[232-3] It is illuminating to recognize that subjective Justification, as well as objective Justification, has already taken place in Jesus Christ. Not only was the great divine act of righteousness fulfilled in the flesh of Jesus, in His Life and Death, but throughout His Life and Death Jesus stood in our place as our Substitute and Representative who appropriated the divine Act of saving Righteousness for us. He responded to it, yielded to it, accepted it and actively made it His own, for what He was and did in His human nature was not for His own sake but for our sakes. That is true of all that He did. He was the Word of God brought to bear upon man, but He was also man hearing that Word, answering it, trusting it, living by it—by faith. He was the great Believer—vicariously believing in our place and in our name. He was not only the Will of God enacted in our flesh, but He was the will of man united to that divine Will. In becoming one with us He laid hold upon our wayward human will, made it His very own, and bent it back into obedience to, and in oneness with, the holy Will of God. Likewise in Justification, Jesus Christ was not only the embodiment of God’s justifying act but the embodiment of our human appropriation of it. In that unity of the divine and the human, Justification was fulfilled in Christ from both sides, from the side of the justifying God and from the side of justified man—’He was justified in the Spirit’, as St. Paul put it. Justification as objective act of the redeeming God and Justification as subjective actualization of it in our estranged human existence have once and for all taken place—in Jesus.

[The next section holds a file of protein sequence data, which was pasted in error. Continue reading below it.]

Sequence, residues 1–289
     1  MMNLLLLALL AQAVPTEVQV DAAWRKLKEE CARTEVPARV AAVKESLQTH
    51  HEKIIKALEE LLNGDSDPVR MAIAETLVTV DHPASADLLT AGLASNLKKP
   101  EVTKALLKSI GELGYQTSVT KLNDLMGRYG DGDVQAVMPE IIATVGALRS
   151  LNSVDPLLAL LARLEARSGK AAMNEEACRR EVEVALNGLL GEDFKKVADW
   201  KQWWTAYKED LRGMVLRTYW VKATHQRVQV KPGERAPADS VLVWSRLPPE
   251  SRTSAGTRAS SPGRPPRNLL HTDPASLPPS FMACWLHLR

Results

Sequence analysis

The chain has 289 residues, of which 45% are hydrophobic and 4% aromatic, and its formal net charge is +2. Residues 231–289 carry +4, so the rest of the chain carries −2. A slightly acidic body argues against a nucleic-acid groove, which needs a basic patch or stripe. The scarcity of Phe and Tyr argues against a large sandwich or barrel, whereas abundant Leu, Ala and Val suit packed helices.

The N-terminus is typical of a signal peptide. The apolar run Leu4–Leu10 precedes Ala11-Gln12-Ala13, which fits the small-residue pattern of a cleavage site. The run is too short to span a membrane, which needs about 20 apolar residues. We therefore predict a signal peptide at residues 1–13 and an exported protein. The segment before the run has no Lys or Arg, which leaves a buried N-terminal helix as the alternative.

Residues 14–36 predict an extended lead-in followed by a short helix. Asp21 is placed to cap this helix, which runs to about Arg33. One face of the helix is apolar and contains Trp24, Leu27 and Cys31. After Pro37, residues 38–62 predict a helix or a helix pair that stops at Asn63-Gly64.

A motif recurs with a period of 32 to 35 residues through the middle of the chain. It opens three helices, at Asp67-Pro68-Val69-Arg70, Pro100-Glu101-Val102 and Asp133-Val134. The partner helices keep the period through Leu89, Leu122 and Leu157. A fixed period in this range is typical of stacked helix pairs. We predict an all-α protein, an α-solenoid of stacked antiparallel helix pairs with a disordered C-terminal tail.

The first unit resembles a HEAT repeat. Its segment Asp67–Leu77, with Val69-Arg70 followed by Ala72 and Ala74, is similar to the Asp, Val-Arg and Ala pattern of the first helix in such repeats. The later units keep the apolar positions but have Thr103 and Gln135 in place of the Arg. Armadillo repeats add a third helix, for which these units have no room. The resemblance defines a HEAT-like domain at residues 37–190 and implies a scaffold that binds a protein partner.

[235-6] Jesus Christ was not only the fulfillment and embodiment of God’s righteous and holy Act…, but also the embodiment of our act of faith and trust and obedience toward God, He stood in our place, taking our cause upon Him, also as Believer, as the Obedient One who was Himself justified before God as His beloved Son in whom He was well pleased. He offered to God a perfect confidence and trust, a perfect faith and response which we are unable to offer, and He appropriated all God’s blessings which we are unable to appropriate. Through union with Him we share in His faith, in His obedience, in His trust and His appropriation of the Father’s blessing; we share in His justification before God. Therefore when we are justified by faith, this does not mean that it is our faith that justifies us, far from it—it is the faith of Christ alone that justifies us, but we in faith flee from our own acts even of repentance, confession, trust and response, and take refuge in the obedience and faithfulness of Christ—’Lord I believe, help thou mine unbelief.’ That is what it means to be justified by faith.
from “Justification: Its Radical Nature and Place in Reformed Doctrine and Life,” Scottish Journal of Theology, 13 no 3 (1960).
…the rationality of arguments is not always a matter of deductive or logical inference. The narrative form of the Fourth Gospel is a kind of courtroom drama where readers are presented with various kinds of evidence or testimony in word and deed. …(John 20:31). To do justice to this kind of biblical discourse, we require both analytic skills and poetic sensibilities: the ability conceptually to elaborate what is said and the ability imaginatively to feel the particular force with which it is said. Even the demons can do analytic theology.
from The Task of Dogmatics, eds. Crisp and Sanders (Zonderan, 2017), 42.